The digital evolution architect (DEA) is the role or function that supports the transition, putting legacy applications on a clear evolutionary path, ensuring that progress does not leave its own legacy, and that the overall cost of change is on a fixed downward trend, even in the face of continuous innovation in technology. It is the role described in the ‘Opportunities and Solutions” part of the TOGAF method for enterprise architecture, albeit with a very explicit digital mandate. As such, it requires close collaboration with folks involved in business & data architecture, solution (information systems) architecture and technology architecture. But the DEA is primarily concerned about evolution towards coherent goals, not about deciding what the optimal target state is, and hence cares as much about portfolio management as about architecture.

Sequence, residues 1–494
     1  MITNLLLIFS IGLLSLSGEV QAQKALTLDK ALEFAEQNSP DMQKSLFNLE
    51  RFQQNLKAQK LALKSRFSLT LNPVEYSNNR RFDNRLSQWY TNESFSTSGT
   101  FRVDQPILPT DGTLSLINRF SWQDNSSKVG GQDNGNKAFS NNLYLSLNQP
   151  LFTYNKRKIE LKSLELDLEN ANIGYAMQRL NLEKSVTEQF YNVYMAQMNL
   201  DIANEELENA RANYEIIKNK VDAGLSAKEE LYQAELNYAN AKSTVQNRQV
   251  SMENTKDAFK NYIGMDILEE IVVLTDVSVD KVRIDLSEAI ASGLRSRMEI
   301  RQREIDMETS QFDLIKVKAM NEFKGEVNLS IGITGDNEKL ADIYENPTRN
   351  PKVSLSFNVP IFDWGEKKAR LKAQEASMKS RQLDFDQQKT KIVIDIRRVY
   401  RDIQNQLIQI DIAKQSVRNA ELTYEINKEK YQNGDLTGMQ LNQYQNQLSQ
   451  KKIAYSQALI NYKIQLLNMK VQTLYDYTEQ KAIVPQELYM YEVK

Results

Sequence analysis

For larger firms, the enterprise architecture function must identify which DEA’s are needed where, and how they should collaborate. But DEA’s should be accountable to the head of Digital Transformation, if a firm has one. (If a firm doesn’t have or plan to have such a function, then don’t expect it to be competitive or even around in 10 years, regardless of how big it is today.)

This blog will elaborate more on the skills and capabilities of the digital evolution architecture concept over the coming weeks.

 

 

 

 

 

Digital Evolution Architecture

The long journey for legacy application evolution

The CTO of Sungard recently authored this article on Sungard’s technical strategy for its large and diverse portfolio of financial applications:

http://www.bankingtech.com/247292/how-to-build-a-better-sungard/

The technical strategy is shockingly simple on the surface:

  • All products are to provide hosted solutions, and
  • All new products must use HTML5 technology